1911 Encyclopædia Britannica/Philoponus, Joannes
|←Philopoemen||1911 Encyclopædia Britannica, Volume 21
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PHILOPONUS, JOANNES (John the Grammarian), Greek philosopher of Alexandria, lived in the later part of the 5th and the beginning of the 6th century of our era. The surname Grammaticus he assumed in virtue of his lectures on language and literature; that of Philoponus owing to the large number of treatises he composed. He was a pupil of Ammonius Hermiae, and is supposed to have written the life of Aristotle sometimes attributed to his master. To Philoponus are attributed a large number of works on theology and philosophy. It is said that, though he was a pupil of Ammonius, he was at first a Christian, and he has been credited with the authorship of a commentary on the Mosaic Cosmogony in eight books, dedicated to Sergius, patriarch of Constantinople, and edited by Balthasar Corderius in 1630. Other authorities maintain that this, as well as the Disputatio de paschale, was the work of another author, John the Tritheist. It was perhaps this Philoponus who tried to save the Alexandrian library from the caliph Omar after Amu's victory in 639.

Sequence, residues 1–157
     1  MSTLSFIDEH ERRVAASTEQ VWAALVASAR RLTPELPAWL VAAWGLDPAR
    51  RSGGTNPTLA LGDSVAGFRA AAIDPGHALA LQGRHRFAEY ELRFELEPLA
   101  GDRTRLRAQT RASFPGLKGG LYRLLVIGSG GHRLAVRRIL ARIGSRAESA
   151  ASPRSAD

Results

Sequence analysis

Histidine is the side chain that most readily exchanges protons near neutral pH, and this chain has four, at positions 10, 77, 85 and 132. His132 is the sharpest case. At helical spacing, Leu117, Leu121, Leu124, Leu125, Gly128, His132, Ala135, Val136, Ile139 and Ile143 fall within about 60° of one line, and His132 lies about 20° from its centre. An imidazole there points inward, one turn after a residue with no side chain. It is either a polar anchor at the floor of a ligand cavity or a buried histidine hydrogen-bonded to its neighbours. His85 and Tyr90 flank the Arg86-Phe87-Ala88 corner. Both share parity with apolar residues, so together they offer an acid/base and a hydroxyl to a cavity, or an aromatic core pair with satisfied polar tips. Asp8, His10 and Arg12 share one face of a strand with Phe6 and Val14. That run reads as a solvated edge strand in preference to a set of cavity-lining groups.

The more certain writings of Philoponus consist of commentaries on Aristotle. These include works on the Physica, the Prior and the Posterior Analytics, the Meteorologica, the De anima, the De generatione animalium, the De generatione et interitu and the Metaphysica. These have been frequently edited and are interesting in connexion with the adoption of Aristotelianism by the Christian Church. They seem to have embodied the lectures of Ammonius with additions by Philoponus, and are remarkable rather for elaborate care than for originality and insight. He wrote also an attack on Proclus (De aeternitate mundi). Two treatises on mathematics are ascribed to him: A Commentary on the Mathematics of Nicomachus, edited by Hoche (1864 and 1867), and a Treatise on the Use of the Astrolabe, published by Hase. The latter is the most ancient work on this instrument, and its authenticity is rendered almost certain by its reference to Ammonius as the master of the author.